difficult to understand or perceive: a hard question
showing or requiring considerable physical or mental energy, effort, or application: hard work; a hard drinker
stern, cold, or intractable: a hard judge
exacting; demanding: a hard master
harsh; cruel: a hard fate
inflicting pain, sorrow, distress, or hardship: hard times
tough or adamant: a hard man
forceful or violent: a hard knock
cool or uncompromising: we took a long hard look at our profit factor
indisputable; real: hard facts
chem (of water) impairing the formation of a lather by soap: See hardness (def. 3)
practical, shrewd, or calculating: he is a hard man in business
too harsh to be pleasant: hard light
(of cash, money, etc) in coin and paper rather than cheques
(of currency) in strong demand, esp as a result of a good balance of payments situation
(of credit) difficult to obtain; tight
(of alcoholic drink) being a spirit rather than a wine, beer, etc: the hard stuff
(of a drug such as heroin, morphine, or cocaine) highly addictive: Compare soft (def. 20)
physics (of radiation, such as gamma rays and X-rays) having high energy and the ability to penetrate solids
physics (of a vacuum) almost complete
mainly US (of goods) durable
(of news coverage) concentrating on serious stories
an older word for fortis
(not in modern technical usage) denoting the consonants c and g in English when they are pronounced as velar stops (k, g)
(of consonants in the Slavonic languages) not palatalized
being heavily fortified and protected
(of nuclear missiles) located underground in massively reinforced silos
politically extreme: the hard left
British and NZ informal incorrigible or disreputable (esp in the phrase a hard case)
(of bread, etc) stale and old
a hard nut to crack
a person not easily persuaded or won over
a thing not easily understood
hard by near; close by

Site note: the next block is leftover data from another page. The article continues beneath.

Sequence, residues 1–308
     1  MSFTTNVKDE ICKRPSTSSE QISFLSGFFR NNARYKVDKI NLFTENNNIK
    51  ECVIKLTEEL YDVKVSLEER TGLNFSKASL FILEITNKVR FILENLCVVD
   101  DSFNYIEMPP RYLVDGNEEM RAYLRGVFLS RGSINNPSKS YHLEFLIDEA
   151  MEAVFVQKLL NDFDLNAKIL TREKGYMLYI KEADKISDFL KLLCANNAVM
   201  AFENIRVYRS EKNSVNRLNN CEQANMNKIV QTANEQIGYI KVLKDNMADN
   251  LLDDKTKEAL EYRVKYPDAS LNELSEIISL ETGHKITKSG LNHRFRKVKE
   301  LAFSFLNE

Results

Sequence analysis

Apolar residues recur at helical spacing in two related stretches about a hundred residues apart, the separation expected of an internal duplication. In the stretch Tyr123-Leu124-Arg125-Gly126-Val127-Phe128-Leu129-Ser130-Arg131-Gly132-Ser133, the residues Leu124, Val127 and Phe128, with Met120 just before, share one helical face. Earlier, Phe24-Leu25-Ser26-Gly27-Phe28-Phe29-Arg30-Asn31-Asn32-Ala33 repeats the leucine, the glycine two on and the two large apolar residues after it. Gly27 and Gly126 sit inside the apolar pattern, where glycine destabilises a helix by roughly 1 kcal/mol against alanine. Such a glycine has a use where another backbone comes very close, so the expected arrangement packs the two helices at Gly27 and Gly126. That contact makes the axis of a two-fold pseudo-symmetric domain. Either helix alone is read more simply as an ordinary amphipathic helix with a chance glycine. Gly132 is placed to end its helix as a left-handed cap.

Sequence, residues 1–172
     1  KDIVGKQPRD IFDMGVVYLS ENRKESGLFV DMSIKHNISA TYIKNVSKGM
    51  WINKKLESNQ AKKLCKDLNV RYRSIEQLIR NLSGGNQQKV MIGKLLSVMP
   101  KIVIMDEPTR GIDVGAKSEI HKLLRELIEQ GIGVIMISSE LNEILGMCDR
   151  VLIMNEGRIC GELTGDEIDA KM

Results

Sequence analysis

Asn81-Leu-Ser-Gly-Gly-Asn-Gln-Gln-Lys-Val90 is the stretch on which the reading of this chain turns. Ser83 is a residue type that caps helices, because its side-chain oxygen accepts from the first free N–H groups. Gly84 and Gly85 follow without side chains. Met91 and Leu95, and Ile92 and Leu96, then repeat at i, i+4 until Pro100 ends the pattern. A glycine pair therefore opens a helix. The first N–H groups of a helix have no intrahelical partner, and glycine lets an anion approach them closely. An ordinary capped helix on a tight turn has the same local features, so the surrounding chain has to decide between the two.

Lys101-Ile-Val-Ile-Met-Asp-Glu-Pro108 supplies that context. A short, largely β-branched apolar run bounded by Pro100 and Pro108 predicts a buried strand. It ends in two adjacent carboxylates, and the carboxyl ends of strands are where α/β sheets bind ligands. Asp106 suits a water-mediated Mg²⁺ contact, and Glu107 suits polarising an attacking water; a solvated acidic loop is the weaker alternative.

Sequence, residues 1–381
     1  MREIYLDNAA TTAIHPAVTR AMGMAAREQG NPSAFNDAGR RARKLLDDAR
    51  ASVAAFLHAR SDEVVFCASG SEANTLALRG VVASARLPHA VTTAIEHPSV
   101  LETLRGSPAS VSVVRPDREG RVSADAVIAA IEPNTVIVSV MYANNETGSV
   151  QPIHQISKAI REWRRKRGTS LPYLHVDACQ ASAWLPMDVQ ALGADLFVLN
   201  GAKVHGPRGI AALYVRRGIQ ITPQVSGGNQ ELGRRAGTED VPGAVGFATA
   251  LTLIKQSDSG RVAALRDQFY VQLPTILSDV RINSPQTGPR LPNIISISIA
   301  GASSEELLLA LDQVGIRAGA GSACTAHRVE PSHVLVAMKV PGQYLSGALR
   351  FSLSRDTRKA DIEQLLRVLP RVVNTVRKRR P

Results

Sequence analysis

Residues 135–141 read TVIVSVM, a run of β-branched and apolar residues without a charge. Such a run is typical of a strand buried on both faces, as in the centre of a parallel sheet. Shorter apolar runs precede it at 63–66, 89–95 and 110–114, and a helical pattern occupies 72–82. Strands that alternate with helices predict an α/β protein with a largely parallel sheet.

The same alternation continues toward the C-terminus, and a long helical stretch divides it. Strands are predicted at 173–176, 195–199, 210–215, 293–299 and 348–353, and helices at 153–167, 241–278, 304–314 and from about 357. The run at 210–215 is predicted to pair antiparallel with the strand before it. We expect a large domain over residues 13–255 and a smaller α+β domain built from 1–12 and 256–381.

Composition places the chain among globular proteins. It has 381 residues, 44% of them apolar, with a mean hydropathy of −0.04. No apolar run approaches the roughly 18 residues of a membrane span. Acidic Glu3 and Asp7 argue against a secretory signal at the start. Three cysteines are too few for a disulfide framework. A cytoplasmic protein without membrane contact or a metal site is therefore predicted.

hard doer NZ a tough worker at anything
hard done by unfairly or badly treated
hard up informal
in need of money; poor
(foll by for) in great need (of): hard up for suggestions
put the hard word on Australian and NZ informal to ask or demand something from
with great energy, force, or vigour: the team always played hard
as far as possible; all the way: hard left
with application; earnestly or intently: she thought hard about the formula
with great intensity, force, or violence: his son's death hit him hard
(foll by on, upon, by, or after) close; near: hard on his heels
(foll by at) assiduously; devotedly
with effort or difficulty: their victory was hard won
(in combination): hard-earned
slowly and reluctantly: prejudice dies hard
go hard with to cause pain or difficulty to (someone): it will go hard with you if you don't tell the truth
hard at it working hard
hard put or hard put to it scarcely having the capacity (to do something): he's hard put to get to work by 9:30
any colorant that produces a harsh coarse appearance
British a roadway across a foreshore
slang hard labour
slang an erection of the penis (esp in the phrase get or have a hard on)
Collins English Dictionary - Complete & Unabridged 2012 Digital Edition © William Collins Sons & Co. Ltd. 1979, 1986 © HarperCollins Publishers 1998, 2000, 2003, 2005, 2006, 2007, 2009, 2012
Other Idioms and Phrases with hard
In addition to the idioms beginning with hard
- hard act to follow
- hard and fast
- hard as nails
- hard bargain
- hard cash
- harden one's heart
- hard feelings
- hard hat
- hard hit, be
- hard line
- hard liquor
- hard luck
- hardly ever
- hard nut to crack
- hard of hearing
- hard on
- hard on someone's heels
- hard pressed
- hard put, be
- hard row to hoe
- hard sell
- hard time
- hard up
- hard way, the
- between a rock and a hard place
- cold (hard) cash
- come down (hard) on
- die hard
- drive a (hard) bargain
- go hard with
- no hard feelings
- play hardball
- play hard to get
- school of hard knocks
- tough (hard) row to hoe
The American Heritage® Idioms Dictionary Copyright © 2002, 2001, 1995 by Houghton Mifflin Harcourt Publishing Company. Published by Houghton Mifflin Harcourt Publishing Company.